The first question I had for the data was to find out which host was receiving the most bytes.

That meant converting the bytes column into a numeric format that we can use in aggregations:

df['bytes'] = pd.to_numeric(df['bytes'], errors='coerce')

Then I grouped by destination address, tallied the bytes, and sorted in descending order:

# %%
# Group by destination address, sum bytes as a new column
result = df.groupby(['dst_addr']).sum()['bytes'].reset_index()
# Sort by bytes descending
result = result.sort_values(by=['bytes'], ascending=False)

There was one IP address that stood out by a large margin, so I was curious to learn more about it. It fell within the VPC CIDR, so I queried ENI’s in AWS to see if there was a match:

# %%
# Query the resource attached to a destination address
def query_resource(dst_addr):
    client = boto3.client('ec2')
    response = client.describe_network_interfaces(
                'Name': 'addresses.private-ip-address',
                'Values': [
    return response


This returned a large amount of metadata about the ENI, but the description made it clear that the interface belonged to the NAT Gateway, confirming the hunch I mentioned earlier.

Looking for the largest sender of data

I wanted to understand where this NAT traffic was originating from, as I hoped it would lead to optimisations that can trim down the AWS bill.

I grouped by source address, where the destination address was the NAT gateway, then tallied the bytes and sorted in descending order:

# %%
# Find the source that sends the most bytes to the destination in question
result = df[df['dst_addr'] == 'NAT_IP_ADDRESS_HERE'].groupby(['src_addr']).sum()['bytes'].reset_index().sort_values(by=['bytes'], ascending=False)

This revealed IP addresses that weren’t in the VPC — the traffic was coming from the interwebs.

I installed the ipwhois library, which would allow me to lookup metadata about an IP address, such as which ISP or network it belongs to:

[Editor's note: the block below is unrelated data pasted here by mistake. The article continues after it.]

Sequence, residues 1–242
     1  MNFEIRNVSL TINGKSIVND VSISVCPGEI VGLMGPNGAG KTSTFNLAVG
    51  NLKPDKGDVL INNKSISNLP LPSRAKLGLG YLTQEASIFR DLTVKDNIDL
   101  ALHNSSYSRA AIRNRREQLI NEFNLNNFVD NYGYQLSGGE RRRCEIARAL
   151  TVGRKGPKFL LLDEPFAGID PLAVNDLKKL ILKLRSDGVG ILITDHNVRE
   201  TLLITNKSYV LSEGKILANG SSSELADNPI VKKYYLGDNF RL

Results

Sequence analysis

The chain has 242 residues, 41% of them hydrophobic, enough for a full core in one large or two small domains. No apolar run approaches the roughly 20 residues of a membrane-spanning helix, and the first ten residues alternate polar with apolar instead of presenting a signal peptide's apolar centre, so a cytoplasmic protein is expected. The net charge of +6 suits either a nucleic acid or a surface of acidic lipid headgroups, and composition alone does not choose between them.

# pip3 install ipwhois
from ipwhois import IPWhois, IPDefinedError

# Use ipwhois to lookup metadata about the IP address
def call_ipwhois(ip):
    # Catch IPDefinedError
        result = IPWhois(ip).lookup_rdap(depth=1)
    except IPDefinedError as e:
        result = None

    return result


I did this for the top 25 source addresses to see if there any patterns in ISP or network. This is slow since each API call takes a second or two. If I was going to do this more than once I’d optimise it, but this is a once-off task so I didn’t bother.

# Create in memory cache for ipwhois results to make re-querying faster
ipwhoiscache = {}

count = 0

# Iterate over dataframe
for index, row in result.iterrows():
    # Call ipwhois for first 25 rows
    if count < 25:
        # Print index
        print(count, index, row['src_addr'])

        if row['src_addr'] in ipwhoiscache:
            ipmeta = ipwhoiscache[row['src_addr']]
            ipmeta = call_ipwhois(row['src_addr'])
            ipwhoiscache[row['src_addr']] = ipmeta

        if ipmeta is not None:
            result.loc[index, 'network'] = ipmeta['network']['name']

        count += 1

# Print result, show top 25

I grouped by network name, tallied the bytes and sorted descending to find the network sending the most bytes to the NAT:

# %%
# Group by network name and sum bytes
result_network = result.groupby(['network']).sum()['bytes'].reset_index().sort_values(by=['bytes'], ascending=False)

It turns out that most of the traffic was coming from the network AT-88-Z, owned by Amazon Technologies Inc. In other words, this is traffic flowing between AWS services and the NAT Gateway.


This simple analysis provided enough information to identify which AWS resource was sending this data, which led me to make config changes that drastically reduced the AWS networking bill.

I think this demonstrates the power of Pandas and Python for quick analysis jobs like this. If I was going to productionise this analysis, for example with a regular report to management, or if I needed to crunch larger amounts of data, I’d consider using something like AWS SageMaker or AWS Athena. But for this particular ad-hoc case with a smaller data set, Pandas and Python in a locally running notebook was the perfect choice.

Thanks for reading, please get in contact with me on Twitter or LinkedIn if you have any comments or questions.

Copyright © Simon Bracegirdle 2023